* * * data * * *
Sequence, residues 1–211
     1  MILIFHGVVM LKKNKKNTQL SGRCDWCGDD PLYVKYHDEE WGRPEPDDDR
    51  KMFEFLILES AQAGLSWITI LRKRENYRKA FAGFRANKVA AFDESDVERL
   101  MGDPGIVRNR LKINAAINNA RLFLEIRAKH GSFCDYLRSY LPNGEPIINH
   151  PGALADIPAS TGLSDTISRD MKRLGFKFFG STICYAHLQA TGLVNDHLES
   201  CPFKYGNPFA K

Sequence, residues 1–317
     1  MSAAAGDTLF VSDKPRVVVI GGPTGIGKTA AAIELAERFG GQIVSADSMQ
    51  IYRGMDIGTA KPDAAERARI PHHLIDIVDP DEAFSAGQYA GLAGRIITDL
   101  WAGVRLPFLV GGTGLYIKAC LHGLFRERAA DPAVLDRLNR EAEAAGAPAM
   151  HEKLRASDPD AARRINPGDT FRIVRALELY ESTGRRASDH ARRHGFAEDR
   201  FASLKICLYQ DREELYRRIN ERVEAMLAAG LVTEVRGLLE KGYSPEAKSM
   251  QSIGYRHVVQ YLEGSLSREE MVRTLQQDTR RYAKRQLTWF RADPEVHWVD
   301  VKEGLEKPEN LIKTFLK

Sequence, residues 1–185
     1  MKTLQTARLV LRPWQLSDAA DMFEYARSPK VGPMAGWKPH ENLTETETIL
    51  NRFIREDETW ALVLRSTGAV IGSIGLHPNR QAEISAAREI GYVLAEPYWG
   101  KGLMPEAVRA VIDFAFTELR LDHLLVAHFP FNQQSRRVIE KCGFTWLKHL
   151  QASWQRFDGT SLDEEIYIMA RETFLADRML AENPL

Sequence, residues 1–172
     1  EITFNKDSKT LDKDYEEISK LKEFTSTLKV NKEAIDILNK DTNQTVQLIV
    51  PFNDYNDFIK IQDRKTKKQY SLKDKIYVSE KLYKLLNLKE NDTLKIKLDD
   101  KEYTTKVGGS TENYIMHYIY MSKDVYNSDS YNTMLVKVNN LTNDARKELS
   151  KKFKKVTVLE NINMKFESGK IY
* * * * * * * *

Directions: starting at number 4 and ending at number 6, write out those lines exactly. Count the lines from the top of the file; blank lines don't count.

   101  MGDPGIVRNR LKINAAINNA RLFLEIRAKH GSFCDYLRSY LPNGEPIINH
   151  PGALADIPAS TGLSDTISRD MKRLGFKFFG STICYAHLQA TGLVNDHLES
   201  CPFKYGNPFA K